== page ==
Baja Sur Unplanned
The Semana Santa sun set at around six in the Baja peninsula and it was a two–hour drive to the camp site. We left at three.
Planning is not something we think about too often — not even sensible departure times. At least not until it is too late to rip its benefits. We like the thrill of being on the edge of calling off our last–minute adventures. This will be painfully obvious to those on our side of the trenches but borderline cancelled fun is so much sweeter than itinerary–respecting fun. Much anticipated events carry high expectations. Last–minute ones can only get better. What this says about our personalities is to be pondered some other day but for now we can agree our logic holds.
Aside from establishing its length and modes of transportation, our Baja Sur trip was unplanned. It’s worth mentioning that two young women offroading in Mexico in the post–Calderón era merit turning the adrenaline knob up a notch.
We ended up sneaking our way into the beach camp ground after dark. Our tent–setting skills were rusty, even for those modern tents you just throw in the air for them to land assembled. But there were too many parts to throw in the air for the borrowed tent we had brought with us, which meant we were going to need two things we didn’t pack: patience and a lantern.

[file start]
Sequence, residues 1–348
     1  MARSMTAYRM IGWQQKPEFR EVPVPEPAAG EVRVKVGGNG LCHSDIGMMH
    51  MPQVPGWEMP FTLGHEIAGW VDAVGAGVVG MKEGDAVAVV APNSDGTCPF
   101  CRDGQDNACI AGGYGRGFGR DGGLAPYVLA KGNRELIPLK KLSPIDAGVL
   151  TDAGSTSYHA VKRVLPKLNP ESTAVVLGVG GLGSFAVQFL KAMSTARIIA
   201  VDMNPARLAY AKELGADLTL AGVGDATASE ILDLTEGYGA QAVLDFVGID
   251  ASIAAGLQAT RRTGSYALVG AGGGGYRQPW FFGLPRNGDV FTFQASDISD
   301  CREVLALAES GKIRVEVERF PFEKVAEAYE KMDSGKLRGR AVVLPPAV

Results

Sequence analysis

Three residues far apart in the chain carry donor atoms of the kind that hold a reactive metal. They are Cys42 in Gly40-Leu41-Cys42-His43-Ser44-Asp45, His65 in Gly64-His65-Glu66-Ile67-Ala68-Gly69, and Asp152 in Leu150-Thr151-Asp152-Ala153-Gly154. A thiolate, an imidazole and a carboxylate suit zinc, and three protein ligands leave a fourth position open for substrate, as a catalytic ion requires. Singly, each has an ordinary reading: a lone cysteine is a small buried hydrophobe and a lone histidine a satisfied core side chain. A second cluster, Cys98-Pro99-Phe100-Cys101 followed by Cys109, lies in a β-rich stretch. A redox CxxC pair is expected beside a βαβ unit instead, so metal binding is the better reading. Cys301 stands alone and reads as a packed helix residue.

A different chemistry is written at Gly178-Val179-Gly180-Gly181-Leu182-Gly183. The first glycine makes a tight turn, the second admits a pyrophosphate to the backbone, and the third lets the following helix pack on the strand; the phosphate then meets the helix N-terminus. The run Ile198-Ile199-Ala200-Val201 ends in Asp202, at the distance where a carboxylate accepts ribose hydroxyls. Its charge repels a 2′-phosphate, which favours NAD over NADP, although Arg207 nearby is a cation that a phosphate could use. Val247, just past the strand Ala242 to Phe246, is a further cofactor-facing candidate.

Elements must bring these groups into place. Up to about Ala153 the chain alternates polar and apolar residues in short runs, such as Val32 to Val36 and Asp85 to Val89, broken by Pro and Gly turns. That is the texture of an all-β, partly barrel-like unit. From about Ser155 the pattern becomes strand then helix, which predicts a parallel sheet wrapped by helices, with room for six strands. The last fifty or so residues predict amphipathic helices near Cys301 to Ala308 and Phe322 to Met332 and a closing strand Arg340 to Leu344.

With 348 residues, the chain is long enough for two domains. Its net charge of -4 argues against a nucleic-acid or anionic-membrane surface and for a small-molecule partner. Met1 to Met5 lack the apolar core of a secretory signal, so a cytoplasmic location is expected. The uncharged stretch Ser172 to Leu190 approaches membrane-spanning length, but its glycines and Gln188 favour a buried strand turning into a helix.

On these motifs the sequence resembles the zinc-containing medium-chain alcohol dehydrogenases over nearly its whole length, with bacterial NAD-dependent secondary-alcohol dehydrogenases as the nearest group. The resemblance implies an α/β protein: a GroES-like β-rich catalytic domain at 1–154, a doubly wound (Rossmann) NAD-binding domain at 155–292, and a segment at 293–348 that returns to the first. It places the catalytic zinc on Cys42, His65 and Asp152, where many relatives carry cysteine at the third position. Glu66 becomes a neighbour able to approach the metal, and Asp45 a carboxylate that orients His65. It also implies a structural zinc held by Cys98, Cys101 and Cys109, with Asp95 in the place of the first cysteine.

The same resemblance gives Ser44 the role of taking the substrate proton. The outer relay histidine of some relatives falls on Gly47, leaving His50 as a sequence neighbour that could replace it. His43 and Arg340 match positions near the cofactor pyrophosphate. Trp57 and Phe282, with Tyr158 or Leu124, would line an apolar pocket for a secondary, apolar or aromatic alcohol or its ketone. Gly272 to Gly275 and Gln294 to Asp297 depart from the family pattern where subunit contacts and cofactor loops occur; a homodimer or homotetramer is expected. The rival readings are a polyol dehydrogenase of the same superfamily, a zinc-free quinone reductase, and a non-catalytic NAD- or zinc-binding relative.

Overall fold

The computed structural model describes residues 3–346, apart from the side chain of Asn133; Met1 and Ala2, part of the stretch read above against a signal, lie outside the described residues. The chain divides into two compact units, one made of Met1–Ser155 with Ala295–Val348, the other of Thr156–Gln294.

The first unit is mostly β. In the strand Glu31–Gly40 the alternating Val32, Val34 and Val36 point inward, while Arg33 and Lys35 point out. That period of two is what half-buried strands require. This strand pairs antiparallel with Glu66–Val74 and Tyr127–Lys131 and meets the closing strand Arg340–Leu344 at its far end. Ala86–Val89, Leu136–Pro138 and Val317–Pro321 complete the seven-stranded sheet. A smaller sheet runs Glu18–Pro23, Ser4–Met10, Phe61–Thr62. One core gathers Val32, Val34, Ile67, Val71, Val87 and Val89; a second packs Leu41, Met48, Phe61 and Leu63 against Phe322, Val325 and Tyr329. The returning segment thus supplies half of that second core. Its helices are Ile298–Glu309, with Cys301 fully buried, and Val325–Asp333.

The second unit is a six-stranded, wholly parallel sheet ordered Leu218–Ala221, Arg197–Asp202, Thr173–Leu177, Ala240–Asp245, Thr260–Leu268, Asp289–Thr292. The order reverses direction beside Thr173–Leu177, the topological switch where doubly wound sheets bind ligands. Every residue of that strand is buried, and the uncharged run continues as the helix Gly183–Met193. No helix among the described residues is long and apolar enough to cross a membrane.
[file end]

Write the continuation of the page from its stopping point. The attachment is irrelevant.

Poetics aside, it turned out the full moon rising above us was all we needed.
I also happened to be in the middle of a dietary regime where the only alcohol I was allowed to ingest was distilled liquor, so I brought with me a litre of Sotol in a glass bottle. And though we did not bring a lantern, we did bring a pocket flashlight that came in handy 784 days after its purchase.
We dined by bottlelight.
Sleeping on sand while lulled by the waves is slightly overrated. Waking up in a tent on a beach to pelicans fishing at sunrise is not.
And to think we almost missed out on it all!